Uganda really just has two seasons: raining and dry. It's the middle of a raining season here in Uganda. It honestly amazes me how storms can literally come out of nowhere. It seems like at least every other evening it will just pour down rain.
The storms sometimes provide some beautiful sights.
We're currently in the middle of finishing up a season of harvest and starting the next season of planting. Almost every place I visited this week seemed to be harvesting some kind of crop.
Tuesday out at Restoration Gateway was full of g-nut (peanut) harvest.
We harvested soybeans Wednesday with Walter, the head gardener at Barlonyo schools.
For the most part, harvesting both groundnuts and soybeans consisted of walking row to row pulling up plants. From there, the plants would dry for a few days. G-nuts would be plucked, and the soybeans would be hung up and beaten with a stick to drop their produce.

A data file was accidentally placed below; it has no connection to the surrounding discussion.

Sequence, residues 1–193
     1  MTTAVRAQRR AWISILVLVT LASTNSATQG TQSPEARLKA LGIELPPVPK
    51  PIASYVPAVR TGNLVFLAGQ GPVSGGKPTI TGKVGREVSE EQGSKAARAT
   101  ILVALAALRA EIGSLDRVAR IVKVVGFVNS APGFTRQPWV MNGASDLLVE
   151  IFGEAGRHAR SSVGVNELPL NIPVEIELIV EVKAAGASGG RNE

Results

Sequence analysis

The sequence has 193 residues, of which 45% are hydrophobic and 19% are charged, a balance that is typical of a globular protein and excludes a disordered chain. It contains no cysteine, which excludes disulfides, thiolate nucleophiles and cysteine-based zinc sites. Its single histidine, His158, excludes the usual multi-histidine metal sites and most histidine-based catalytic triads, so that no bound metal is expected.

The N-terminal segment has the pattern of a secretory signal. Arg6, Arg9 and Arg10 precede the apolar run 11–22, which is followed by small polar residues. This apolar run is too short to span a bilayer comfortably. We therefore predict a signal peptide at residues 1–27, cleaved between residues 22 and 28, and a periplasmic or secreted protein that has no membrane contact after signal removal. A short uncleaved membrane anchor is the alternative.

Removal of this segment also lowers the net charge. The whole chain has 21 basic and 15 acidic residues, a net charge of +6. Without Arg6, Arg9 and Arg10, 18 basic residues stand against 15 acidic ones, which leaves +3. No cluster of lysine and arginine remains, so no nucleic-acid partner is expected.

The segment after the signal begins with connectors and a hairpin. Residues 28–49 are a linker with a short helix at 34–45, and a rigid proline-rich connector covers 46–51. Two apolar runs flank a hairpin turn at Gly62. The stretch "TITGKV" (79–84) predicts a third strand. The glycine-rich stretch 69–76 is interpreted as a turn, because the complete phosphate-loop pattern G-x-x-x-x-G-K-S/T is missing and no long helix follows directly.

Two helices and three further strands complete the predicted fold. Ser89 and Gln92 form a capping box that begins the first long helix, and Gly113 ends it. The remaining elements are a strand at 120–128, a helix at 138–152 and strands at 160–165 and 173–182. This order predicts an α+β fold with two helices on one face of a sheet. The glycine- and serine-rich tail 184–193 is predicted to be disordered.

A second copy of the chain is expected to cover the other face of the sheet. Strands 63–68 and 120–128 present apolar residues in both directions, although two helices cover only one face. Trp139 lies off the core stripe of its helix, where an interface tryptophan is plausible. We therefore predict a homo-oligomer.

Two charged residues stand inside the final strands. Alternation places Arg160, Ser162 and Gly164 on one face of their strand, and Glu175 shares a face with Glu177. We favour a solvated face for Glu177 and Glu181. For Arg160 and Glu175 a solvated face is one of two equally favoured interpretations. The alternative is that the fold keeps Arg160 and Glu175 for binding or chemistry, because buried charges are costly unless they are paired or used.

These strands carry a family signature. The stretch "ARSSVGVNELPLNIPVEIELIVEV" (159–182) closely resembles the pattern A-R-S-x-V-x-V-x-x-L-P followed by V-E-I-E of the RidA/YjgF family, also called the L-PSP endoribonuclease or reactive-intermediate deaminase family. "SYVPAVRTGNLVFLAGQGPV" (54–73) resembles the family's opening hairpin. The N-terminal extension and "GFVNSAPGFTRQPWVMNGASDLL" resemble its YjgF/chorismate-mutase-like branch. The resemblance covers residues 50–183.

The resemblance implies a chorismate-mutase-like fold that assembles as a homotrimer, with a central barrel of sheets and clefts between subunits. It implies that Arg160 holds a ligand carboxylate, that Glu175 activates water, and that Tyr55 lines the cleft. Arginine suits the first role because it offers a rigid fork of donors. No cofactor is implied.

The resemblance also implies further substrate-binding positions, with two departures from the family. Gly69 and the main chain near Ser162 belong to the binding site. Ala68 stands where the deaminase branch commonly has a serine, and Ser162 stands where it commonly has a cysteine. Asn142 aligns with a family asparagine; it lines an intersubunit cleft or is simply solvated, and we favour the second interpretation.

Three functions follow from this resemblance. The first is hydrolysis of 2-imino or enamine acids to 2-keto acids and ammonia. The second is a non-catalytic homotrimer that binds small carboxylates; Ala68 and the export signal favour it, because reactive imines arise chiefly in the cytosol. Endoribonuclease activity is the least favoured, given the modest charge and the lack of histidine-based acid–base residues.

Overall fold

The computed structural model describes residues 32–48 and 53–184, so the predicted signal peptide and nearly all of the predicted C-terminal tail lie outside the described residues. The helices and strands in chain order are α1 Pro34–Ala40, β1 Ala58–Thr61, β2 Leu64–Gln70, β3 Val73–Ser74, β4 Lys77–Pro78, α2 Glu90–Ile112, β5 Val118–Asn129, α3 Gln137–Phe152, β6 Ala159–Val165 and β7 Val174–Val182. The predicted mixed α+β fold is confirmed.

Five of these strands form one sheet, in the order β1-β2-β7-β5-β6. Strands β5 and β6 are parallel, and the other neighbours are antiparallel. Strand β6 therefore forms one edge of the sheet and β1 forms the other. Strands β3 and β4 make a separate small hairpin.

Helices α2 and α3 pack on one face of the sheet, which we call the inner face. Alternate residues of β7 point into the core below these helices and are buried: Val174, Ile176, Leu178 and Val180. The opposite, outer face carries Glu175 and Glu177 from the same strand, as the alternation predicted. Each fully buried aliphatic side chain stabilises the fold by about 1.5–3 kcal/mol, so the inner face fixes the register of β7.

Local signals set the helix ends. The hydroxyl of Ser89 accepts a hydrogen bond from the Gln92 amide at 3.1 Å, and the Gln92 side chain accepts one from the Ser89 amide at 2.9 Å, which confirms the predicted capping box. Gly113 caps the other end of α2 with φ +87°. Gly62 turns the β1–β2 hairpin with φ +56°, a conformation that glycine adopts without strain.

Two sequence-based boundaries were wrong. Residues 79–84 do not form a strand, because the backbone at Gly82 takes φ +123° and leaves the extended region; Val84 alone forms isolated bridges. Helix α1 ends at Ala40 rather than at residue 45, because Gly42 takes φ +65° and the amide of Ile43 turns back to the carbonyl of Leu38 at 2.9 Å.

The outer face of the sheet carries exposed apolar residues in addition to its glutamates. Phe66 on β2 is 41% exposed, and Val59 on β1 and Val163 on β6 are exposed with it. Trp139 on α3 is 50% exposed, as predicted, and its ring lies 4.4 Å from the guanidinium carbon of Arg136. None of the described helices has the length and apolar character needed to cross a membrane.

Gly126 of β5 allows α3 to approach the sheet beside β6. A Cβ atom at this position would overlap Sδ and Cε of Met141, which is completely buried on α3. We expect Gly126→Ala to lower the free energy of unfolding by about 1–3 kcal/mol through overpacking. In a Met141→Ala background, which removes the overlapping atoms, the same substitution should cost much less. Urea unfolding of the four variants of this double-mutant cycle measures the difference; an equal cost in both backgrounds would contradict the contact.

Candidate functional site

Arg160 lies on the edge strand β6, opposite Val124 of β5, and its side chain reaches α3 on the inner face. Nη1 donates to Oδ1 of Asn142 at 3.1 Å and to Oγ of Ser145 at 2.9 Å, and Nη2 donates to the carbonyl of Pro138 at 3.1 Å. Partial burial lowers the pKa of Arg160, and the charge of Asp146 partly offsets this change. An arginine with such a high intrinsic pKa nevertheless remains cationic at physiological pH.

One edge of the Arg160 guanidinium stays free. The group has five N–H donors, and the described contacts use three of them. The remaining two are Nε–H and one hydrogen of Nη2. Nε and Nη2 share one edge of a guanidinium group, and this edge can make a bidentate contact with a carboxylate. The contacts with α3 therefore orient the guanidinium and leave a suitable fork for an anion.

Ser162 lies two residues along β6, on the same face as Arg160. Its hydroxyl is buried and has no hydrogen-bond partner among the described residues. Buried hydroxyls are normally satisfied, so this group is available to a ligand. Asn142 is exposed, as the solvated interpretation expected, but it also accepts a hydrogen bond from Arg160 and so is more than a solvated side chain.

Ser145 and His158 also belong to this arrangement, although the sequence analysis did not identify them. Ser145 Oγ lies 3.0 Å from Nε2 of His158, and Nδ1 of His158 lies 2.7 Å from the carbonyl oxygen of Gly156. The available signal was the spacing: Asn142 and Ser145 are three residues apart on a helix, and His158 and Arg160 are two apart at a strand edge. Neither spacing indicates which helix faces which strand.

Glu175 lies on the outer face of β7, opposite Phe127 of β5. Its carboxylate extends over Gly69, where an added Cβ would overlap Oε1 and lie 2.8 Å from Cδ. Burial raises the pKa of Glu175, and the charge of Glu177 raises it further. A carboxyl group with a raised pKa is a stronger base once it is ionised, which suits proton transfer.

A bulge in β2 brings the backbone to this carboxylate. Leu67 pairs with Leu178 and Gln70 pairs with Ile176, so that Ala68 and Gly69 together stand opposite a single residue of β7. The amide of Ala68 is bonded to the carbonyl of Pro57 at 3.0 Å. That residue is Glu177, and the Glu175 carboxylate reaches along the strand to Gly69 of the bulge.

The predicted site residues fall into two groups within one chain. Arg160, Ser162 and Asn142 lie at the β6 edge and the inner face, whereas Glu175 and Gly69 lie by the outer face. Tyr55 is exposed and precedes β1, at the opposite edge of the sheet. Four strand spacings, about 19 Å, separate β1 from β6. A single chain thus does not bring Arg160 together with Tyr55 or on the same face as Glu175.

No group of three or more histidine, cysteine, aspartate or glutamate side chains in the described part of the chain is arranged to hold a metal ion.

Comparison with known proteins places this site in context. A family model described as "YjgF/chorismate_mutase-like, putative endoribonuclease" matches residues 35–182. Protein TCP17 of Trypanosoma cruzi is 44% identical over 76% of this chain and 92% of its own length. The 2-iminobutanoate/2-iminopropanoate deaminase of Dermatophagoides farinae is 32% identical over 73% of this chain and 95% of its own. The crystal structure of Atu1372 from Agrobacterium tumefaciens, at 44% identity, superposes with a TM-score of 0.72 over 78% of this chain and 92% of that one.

Along with harvest of our own, we had a field trip to Omer Farms to watch their harvest with the secondary agriculture classes at Restoration Gateway. We had 26 students tour the almost 10,000-acre production farm. The students were blown away with the use of tractors and combines, as they were able to witness corn and rice harvest on such a large scale.
Some of the students saw large-scale production and harvest for the first time.
Toward the end of the week, Alexa and I got the chance to slip away and visit one of the nearby national parks. We took a riverboat safari down to one of the waterfalls on the Nile.
"I kind of feel like going on a safari."
I've learned this week that no time gets wasted from one planting season to the next here. With harvest in full swing, planting is in full swing too.
It's definitely an efficient mindset of being out with the old and in with the new.